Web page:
TikTok has been downloaded about 110 million times in the United States and 800 million times worldwide. It is available in over 150 markets and in 75 languages.
The creator of TikTok is ByteDance, a Beijing-based company founded in 2012 by Zhang Yiming. TikTok is used to create short videos to share with other app users. TikTok is not available in China. ByteDance also owns Douyin, another video-sharing app, that is accessible in China.
Is TikTok Safe?
TikTok admitted that it had suppressed videos by uploaded disabled and LGBTQ as part of an effort to curb cyberbullying. On 27 February 2019, the United States Federal Trade Commission (FTC) fined ByteDance $5.7 million USD for collecting personally identifiable information (PII) from children under the age of 13 in violation of the Children’s Online Privacy Protection Act. TikTok has been banned for certain types of content in at least five countries.
The app has a kids-only safety mode that blocks children from uploading videos, direct messaging, and commenting on videos. When in kids-only mode, children can only view others’ videos.
TikTok is allowed to use your videos for commercial purposes as stated in their end-user-license-agreement (EULA).
What Is the Point of TikTok?
TikTok is a video sharing app. Users create account and share videos that are up to 60 seconds long each. Many are dance videos with numerous special effects.
Why Do App Developers Want Your Data?
App develops want your data so they can sell it to advertising platforms and use it to develop other apps. It is estimated that some ninety percent of app data is sent back to Alphabet, the parent company of Google. When data is collected from multiple sources, it is possible to construct detailed information about app users. For example, if user profile data is harvested from a dating app and a banking app, then it is possible to deduce the sexuality and income of a bank’s customers. Many apps collect detailed information about a user’s location. This poses security risks for those working in the public sector, military, law enforcement, or government positions.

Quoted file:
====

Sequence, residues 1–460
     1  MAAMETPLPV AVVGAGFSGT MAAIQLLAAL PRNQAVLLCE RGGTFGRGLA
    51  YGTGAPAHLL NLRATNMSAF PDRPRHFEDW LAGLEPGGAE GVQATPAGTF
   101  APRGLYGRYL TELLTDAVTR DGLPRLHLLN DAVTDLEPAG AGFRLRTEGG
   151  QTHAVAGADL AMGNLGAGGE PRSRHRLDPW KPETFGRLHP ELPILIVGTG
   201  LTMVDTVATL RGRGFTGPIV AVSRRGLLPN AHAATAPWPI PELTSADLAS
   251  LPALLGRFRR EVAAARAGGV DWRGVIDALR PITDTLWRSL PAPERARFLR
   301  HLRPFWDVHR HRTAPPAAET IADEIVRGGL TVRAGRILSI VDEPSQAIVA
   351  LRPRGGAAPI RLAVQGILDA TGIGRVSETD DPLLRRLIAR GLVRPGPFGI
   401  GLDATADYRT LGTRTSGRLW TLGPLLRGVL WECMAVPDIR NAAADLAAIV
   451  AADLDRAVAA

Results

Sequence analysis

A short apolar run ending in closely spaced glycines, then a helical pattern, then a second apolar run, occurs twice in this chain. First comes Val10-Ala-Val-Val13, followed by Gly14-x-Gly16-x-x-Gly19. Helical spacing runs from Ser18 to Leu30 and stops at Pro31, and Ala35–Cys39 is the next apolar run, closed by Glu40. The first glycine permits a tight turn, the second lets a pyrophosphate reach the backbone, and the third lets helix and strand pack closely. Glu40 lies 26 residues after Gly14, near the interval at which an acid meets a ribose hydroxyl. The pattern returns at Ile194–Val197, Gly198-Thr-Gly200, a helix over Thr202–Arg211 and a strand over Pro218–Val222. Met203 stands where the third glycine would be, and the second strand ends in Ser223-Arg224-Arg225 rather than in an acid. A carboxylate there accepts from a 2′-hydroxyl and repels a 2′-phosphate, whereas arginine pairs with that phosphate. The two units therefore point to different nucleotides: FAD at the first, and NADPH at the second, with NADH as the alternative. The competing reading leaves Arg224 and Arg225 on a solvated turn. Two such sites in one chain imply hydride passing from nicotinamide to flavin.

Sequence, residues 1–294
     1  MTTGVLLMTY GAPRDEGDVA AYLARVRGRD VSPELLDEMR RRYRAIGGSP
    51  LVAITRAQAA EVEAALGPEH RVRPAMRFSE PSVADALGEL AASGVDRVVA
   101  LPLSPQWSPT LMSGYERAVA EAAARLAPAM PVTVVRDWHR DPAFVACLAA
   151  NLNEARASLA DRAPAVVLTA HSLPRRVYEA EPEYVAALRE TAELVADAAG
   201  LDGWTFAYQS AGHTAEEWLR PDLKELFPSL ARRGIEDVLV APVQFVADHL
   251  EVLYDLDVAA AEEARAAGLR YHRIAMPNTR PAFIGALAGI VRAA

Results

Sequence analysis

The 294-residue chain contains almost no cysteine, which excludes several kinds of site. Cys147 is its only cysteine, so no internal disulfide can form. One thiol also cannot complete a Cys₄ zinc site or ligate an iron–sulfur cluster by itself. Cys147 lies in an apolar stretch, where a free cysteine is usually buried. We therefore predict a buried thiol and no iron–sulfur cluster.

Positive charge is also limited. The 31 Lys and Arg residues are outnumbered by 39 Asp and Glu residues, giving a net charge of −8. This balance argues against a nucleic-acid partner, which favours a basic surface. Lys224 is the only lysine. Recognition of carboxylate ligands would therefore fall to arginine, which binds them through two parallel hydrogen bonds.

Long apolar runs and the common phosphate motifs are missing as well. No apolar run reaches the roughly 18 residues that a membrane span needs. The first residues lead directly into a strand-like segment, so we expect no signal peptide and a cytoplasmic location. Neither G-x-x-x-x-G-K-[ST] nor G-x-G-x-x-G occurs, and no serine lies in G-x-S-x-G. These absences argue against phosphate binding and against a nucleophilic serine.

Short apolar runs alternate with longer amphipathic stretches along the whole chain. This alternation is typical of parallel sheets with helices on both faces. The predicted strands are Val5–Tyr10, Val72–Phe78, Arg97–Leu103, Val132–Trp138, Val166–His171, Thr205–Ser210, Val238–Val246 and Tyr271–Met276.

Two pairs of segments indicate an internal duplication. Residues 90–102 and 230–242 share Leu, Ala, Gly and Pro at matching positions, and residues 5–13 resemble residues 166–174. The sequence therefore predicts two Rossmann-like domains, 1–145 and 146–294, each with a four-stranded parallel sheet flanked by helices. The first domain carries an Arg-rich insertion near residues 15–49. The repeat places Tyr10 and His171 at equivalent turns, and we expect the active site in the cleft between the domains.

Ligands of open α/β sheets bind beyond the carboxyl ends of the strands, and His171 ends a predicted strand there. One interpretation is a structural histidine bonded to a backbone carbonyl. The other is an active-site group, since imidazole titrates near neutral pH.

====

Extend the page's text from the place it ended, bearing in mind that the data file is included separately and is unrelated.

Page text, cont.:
How Do App Developers Collect Data About Their Users?
Data collected through apps can include anything from profile information – relationship status, age, gender, location, employment, homeownership, and travel habits. Apps may collect information from nearby cellular towers to precisely track location. Intrusive apps may records information about the type of device they are installed, the device ID, what other apps are installed, the contents of messages, contact lists, and photos. Some even have access to calls.
How Do Apps Pose Security Risks?
Apps often pose security risks for military and government employees. For example, in 2018 it was discovered that Fitness Tracker Strava, logged and publicly shared the route of every biking, walking, swimming, rowing, and running workout path taken by users. It also logged the location of indoor workouts even those inside military facilities.
US OPSEC confirmed that Strava did indeed reveal classified military installations on its user heat map. The fitness tracker was also mapping inside sensitive US and overseas military outposts.
The location of every workout was shown on a heat map. Although the intention of sharing was so like-minded fitness users could share workout information, the map posed a huge security risk for active duty service personnel.